Proceedings of Fertilizer Efficiency Research and Technology Transfer Workshop for Africa South of the Sahara

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Africa is characterized by stark contrasts, including diverse populations, climates, and soils. Both the climate and the soils pose challenges to agriculture. A significant portion of tropical Africa experiences insufficient rainfall, while rainforests densely cover some regions. Moreover, most African grounds are of poor quality, ranking among the world's least fertile. Compounded by a rapidly growing population of 498.0 million in 1982, Africa faces a substantial agricultural crisis. Although a significant portion of the labor force was engaged in agriculture, food production per capita declined, resulting in decreased food self-sufficiency and increased reliance on food imports. The decline in food self-sufficiency has severe human and economic consequences. Many sub-Saharan countries struggle with inadequate nutrition, with per capita caloric intake falling below minimum standards. Additionally, insufficient domestic food production has led to a growing demand for food imports when grain prices rise, and African governments face balance of payments and foreign exchange challenges. Consequently, many countries have become increasingly dependent on food aid from high-income nations. Projections indicate a significant import gap in sub-Saharan Africa by 1990 if current income and price patterns persist. Meeting minimum caloric consumption levels would require a substantial increase in food imports. However, the decline in real per capita incomes further exacerbates the unmet food needs. Regional disparities suggest that the Sahel, central, and East Africa will likely experience the most severe food shortages. This paper identifies several factors contributing to food production shortfalls in Africa. Traditional farming systems adapted to low population densities struggle to intensify production with growing populations. Distorted policies and support systems favoring export cash crops over domestic food production have also hindered agricultural progress. Furthermore, inadequate agricultural research and technology transfer have impeded the development of locally relevant solutions. To address these challenges, a farming systems approach to research is proposed. This approach emphasizes bottom-up strategies, incorporating the perspectives and knowledge of farmers to develop tailored and context-specific agricultural technologies. Strengthening linkages among stakeholders and increasing mutual accountability is crucial for overcoming the agricultural crisis in Africa.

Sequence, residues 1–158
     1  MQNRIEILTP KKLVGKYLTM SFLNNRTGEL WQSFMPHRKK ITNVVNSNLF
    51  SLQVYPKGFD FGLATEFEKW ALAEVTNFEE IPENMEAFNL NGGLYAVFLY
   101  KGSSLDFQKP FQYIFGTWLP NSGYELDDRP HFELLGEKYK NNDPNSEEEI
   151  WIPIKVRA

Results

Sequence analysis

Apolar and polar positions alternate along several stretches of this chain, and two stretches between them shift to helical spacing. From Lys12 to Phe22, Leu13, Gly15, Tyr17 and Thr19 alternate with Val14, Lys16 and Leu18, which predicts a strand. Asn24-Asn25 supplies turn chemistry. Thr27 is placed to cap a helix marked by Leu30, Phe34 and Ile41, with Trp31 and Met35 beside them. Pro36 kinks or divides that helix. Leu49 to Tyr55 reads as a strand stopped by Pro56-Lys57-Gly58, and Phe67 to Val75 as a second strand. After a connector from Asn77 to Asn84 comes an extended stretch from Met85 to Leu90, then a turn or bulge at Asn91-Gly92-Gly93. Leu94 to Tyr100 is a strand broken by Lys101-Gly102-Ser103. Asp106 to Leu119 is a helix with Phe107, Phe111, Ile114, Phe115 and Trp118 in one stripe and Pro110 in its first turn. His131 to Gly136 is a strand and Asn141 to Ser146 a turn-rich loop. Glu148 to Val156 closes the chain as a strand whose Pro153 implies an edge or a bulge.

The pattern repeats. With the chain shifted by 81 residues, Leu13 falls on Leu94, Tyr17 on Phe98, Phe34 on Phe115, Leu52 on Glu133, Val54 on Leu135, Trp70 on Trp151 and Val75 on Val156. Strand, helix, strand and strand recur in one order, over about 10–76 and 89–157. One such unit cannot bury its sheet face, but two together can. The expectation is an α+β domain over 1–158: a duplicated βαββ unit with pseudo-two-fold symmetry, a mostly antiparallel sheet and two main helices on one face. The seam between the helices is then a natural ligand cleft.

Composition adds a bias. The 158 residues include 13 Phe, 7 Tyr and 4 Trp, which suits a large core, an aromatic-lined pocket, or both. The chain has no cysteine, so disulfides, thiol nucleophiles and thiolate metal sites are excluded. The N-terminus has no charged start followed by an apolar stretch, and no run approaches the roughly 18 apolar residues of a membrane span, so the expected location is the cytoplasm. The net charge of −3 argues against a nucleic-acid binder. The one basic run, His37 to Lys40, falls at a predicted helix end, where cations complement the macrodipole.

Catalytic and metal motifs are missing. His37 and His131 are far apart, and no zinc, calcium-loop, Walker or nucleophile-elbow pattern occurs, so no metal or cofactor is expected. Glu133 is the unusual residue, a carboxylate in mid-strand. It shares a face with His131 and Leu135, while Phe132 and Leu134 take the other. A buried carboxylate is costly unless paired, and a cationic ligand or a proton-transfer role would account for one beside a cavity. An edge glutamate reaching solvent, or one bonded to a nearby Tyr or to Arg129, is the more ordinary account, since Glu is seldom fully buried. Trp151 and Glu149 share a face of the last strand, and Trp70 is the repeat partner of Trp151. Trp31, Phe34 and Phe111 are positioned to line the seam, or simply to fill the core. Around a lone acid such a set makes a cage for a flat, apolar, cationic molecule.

Fertilizers, Climate change